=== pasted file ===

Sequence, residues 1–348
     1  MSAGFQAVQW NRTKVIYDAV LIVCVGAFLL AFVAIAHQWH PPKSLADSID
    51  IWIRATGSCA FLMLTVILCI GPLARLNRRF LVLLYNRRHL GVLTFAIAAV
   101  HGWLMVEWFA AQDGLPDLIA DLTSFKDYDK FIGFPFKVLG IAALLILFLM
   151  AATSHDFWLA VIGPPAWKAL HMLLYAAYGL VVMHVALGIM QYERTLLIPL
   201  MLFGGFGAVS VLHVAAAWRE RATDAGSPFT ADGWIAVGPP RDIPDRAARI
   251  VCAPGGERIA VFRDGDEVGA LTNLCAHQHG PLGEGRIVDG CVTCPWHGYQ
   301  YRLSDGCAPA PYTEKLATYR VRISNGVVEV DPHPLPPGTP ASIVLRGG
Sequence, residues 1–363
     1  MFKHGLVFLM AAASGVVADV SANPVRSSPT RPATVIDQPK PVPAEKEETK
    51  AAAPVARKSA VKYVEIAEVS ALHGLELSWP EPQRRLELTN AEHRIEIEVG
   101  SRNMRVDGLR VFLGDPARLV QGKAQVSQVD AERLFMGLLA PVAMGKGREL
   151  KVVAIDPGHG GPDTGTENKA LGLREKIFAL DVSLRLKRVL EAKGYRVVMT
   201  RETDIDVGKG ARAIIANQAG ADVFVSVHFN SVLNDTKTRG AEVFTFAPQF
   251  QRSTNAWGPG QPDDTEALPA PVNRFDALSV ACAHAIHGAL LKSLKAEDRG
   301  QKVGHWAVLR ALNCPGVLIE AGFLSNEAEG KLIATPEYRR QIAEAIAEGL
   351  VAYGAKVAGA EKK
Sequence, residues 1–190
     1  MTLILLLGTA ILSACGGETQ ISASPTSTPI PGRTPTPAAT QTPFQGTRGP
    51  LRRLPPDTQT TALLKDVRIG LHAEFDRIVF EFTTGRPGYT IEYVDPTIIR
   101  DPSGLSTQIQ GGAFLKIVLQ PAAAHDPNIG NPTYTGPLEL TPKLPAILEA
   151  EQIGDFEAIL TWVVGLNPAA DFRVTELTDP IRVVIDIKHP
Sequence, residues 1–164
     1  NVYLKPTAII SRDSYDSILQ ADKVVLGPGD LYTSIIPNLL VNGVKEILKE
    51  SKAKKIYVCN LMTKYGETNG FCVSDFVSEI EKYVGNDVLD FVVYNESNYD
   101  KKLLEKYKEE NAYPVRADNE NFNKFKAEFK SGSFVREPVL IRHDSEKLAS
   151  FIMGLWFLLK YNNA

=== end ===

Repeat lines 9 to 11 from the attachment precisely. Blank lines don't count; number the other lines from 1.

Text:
Sequence, residues 1–363
     1  MFKHGLVFLM AAASGVVADV SANPVRSSPT RPATVIDQPK PVPAEKEETK
    51  AAAPVARKSA VKYVEIAEVS ALHGLELSWP EPQRRLELTN AEHRIEIEVG